Date
6 December 2016
The Hong Kong Monetary Authority has issued a formal circular to all banks requiring them to implement tighter cyber security standards. Photo: theengineer.com
The Hong Kong Monetary Authority has issued a formal circular to all banks requiring them to implement tighter cyber security standards. Photo: theengineer.com

Cyber security risks threaten fintech industry

Financial technology, or fintech, has reached a tipping point.

A growing number of financial institutions are becoming more aware of the many benefits of technology, from convenient services to real-time access, amid the proliferation of mobile devices and cloud computing.

According to Accenture’s analysis of CB Insights data, investments in fintech ventures in the Asia Pacific, primarily China, reached US$9.62 billion as of July 31, 2016 – more than twice the US$4.26 billion invested in the region in the whole of 2015.

The top 10 investments in fintech ventures in Asia Pacific were reported in China and Hong Kong, which accounted for 90 percent of all investments in the region.

Evidence of this growth is all around us.

According to PwC’s Global Economic Crime Survey 2016, the number of consumers using digital banking in the Asia Pacific reached 670 million in 2014, and is expected to increase to 1.7 billion by 2020.

The service has revolutionized the banking industry, leading to an average annual growth of 35 percent in online and mobile banking, while the use of traditional banking decreased by more than a quarter.

Is the banking industry being put at risk?

Fintech services offer huge convenience to daily activities, but recent incidents across Asia, in Hong Kong in particular, have drawn attention to the security risks associated with digital banking.

The Hong Kong Monetary Authority recently revealed that there are at least 22 online bank accounts in at least four banks that have reported unauthorized stock trading activities, involving a combined amount of HK$45.97 million.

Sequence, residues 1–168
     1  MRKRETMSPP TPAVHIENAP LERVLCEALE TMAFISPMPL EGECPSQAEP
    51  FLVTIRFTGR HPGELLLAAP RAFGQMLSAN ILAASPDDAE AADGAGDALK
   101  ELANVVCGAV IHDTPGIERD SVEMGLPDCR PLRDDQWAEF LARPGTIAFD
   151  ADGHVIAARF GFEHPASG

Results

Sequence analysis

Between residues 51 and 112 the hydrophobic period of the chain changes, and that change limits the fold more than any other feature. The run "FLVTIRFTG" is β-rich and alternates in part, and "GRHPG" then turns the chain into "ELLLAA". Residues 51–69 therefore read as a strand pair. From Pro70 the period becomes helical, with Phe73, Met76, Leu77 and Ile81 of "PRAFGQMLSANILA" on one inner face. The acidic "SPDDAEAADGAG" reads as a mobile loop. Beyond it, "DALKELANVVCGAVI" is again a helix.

Although the HKMA said that none of the cases reported resulted in any fund transfers to unregistered third parties (thanks to a double authentication process), there were nine cases that resulted in financial losses of HK$1.56 million.

For the banks, the fallout extends beyond just financial liability, and could have a lasting impact on everything from consumer trust to organizational reputation.

Is security awareness at a healthy level?

According to a recent study by F5 and The Asian Banker, 84 percent of financial firms now rank cyber threats as one of their top business risks.

Chief executives are increasingly concerned about the impact of such threats on their business, but less than half, 37 percent, of the organizations actually have a cyber incident response plan or policy in place.

Threats are becoming increasingly sophisticated and creative. The five most common threats organizations face are malware, web application attacks, point of sale attacks, insider compromise and distributed denial of service (DDoS) attacks.

End-users are being increasingly used as alternative channels for launching such attacks due to the sheer number of devices, many of which are unsecured.

Fortunately, awareness of these threats is growing, but it is still a cat-and-mouse game, with criminals switching tactics and inventing new methods of attacks regularly.

Prevention is better than mitigation

Regulators are aware of these threats, and they are taking steps to mitigate the risks.

The HKMA has announced the launch of a Cybersecurity Fortification Initiative (CFI) at the Cyber Security Summit 2016.

It issued a circular to all banks requiring them to implement the initiative, which is aimed at enhancing the protection of multiple banking channels.

For banks and financial institutions, strategies are needed that offer real-time threat identification, deep analysis and comprehensive protection due to the dynamic nature of their operations. They should stay vigilant and focus their effort on three items.

First, they need to prioritize real-time monitoring and prevention, to guard against malware and phishing attacks which are designed to steal identity, data and money at any time.

Second, they need to make sure that no end-point software or user involvement will be required and there is full transparency for security control.

Third, they also need a multi-device support, which means protecting transactions made on any devices or channels as every transaction can be at risk.

Cybercrime is the greatest threat that banks and financial institutions face today.

Careful planning and prompt action on security threats could mean the difference between business success or failure.

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RT/CG

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